Written by Lewis Waring, Paralegal, LL.B., Articled Clerk, Editor, First Reference Inc.

In a recent ruling, it was found that an employee was successful at fulfilling his mitigation obligations, even though he was not successful at mitigating his loss. Although failing to look for a job seems like a clear failure to mitigate a loss of employment, this ruling clarified that an employee only fails to mitigate when comparable employment is actually available. If an employee’s job market does not contain any comparable roles, any failure to take reasonable steps to find comparable employment will not be a failure . . . [more]

Posted in: Case Comment, Substantive Law, Substantive Law: Judicial Decisions

Employers Seeking Review of OLRB Orders Must Pay to Play

Written by Lewis Waring, Paralegal, LL.B., Articled Clerk, Editor, First Reference Inc.

In a recent ruling, an employer’s application for review of an order to pay was denied after the employer failed to provide the required deposit. The employer had stated it had no ability to pay the deposit due to the COVID-19 pandemic, but the Ontario Labour Relations Board refused to waive the deposit. The employer offered to enter a payment plan, but the Ontario Labour Relations Board also rejected this suggestion. . . . [more]

Posted in: Case Comment, Substantive Law, Substantive Law: Judicial Decisions

Low Ball Settlement Offer Costs Employer

Written by Daniel Standing LL.B., Editor, First Reference Inc.

In his brief reasons for the decision on a motion concerning costs, Justice Frederick Myers of the Ontario Superior Court of Justice didn’t mince words. Focused squarely on issues of fairness and access to justice, the judge awarded significant costs to the plaintiff in a wrongful dismissal matter while providing clear guidance to employers about how to handle such situations.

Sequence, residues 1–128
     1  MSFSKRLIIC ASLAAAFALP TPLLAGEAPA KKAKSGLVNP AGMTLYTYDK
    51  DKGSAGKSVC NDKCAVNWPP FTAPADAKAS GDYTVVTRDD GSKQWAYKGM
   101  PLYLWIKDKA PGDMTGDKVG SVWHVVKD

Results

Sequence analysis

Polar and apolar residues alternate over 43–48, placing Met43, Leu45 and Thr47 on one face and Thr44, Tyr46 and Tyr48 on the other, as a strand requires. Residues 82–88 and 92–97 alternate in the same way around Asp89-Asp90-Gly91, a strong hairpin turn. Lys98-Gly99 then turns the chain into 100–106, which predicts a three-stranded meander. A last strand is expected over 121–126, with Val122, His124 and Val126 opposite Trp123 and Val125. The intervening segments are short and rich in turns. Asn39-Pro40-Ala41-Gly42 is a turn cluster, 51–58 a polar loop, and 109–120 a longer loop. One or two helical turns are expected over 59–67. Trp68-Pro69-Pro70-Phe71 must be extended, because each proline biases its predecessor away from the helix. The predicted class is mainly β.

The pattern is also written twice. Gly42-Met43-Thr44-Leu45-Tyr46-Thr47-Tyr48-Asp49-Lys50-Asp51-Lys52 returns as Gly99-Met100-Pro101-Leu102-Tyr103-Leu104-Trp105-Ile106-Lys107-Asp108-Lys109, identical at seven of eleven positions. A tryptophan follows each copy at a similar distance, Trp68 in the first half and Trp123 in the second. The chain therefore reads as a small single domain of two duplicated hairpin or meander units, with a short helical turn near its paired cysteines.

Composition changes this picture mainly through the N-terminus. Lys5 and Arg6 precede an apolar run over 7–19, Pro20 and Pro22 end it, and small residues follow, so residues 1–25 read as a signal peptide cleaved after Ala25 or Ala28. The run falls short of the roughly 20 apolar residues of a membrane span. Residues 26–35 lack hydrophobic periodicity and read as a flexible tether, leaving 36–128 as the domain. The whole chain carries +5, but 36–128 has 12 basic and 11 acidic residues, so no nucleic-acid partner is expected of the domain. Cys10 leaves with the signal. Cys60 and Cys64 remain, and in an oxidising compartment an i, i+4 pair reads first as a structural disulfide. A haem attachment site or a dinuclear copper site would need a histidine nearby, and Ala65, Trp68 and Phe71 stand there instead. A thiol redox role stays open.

The decision in Court File Number CV-20-00646993 followed a written hearing at the end of October 2022. The judge noted that the litigation was all about money, and it wasn’t the . . . [more]

Posted in: Case Comment, Substantive Law, Substantive Law: Judicial Decisions

Court Sinks Teeth Into Bad Contract

Written by Daniel Standing LL.B., Editor, First Reference Inc.

It’s often said that the employer-employee relationship is one that can easily reflect a power imbalance, leading courts to look very carefully at the provisions of employment contracts to make sure they are clear and legally enforceable. Recognizing that employers can take advantage of unsuspecting employees by couching unfair conditions in legalese, courts sometimes resort to the principle of contra proferentem to resolve ambiguity in favour of the weaker party. Other times, they will declare portions of the contract void for running contrary to legislation. A recent decision of Ontario’s Superior . . . [more]

Posted in: Case Comment, Substantive Law, Substantive Law: Judicial Decisions

To Be or to Be Enforceable As? That Is the Question

Written by Daniel Standing LL.B., Editor, First Reference Inc.

The beginning of Prince Hamlet’s soliloquy may have had a nicer ring to it, but the above title captures the essence of the issue in a recent British Columbia decision. In British Columbia (Director of Employment Standards) v. Kwok, [2022], the Court of Appeal sheds light on the limitation period that applies to a determination of the Director of that province’s Employment Standards Branch filed with the Supreme Court registry. Forced to choose between three options, the court settled on the longest one, a 10-year limitation period. As it turns . . . [more]

Posted in: Case Comment, Substantive Law: Judicial Decisions

Employer’s Immoral Manner of Dismissing Long Term Worker Deserving of Punishment

Written by Lewis Waring, Paralegal, LL.B., Articled Clerk, Editor, First Reference Inc.

In a recent Ontario Superior Court ruling, an employer was ordered to pay a wrongfully dismissed employee $10,000 in punitive damages and $45,000 in aggravated damages on top of 24 months of pay in lieu of notice. In total, the employee was awarded approximately $150,000 in damages. The additional damages that were awarded made up one-third of the total amount and were awarded due to the employer’s conduct that it displayed when dismissing the employee. While its wrongful dismissal of a loyal long-term employee was egregious, the . . . [more]

Posted in: Case Comment, Substantive Law, Substantive Law: Judicial Decisions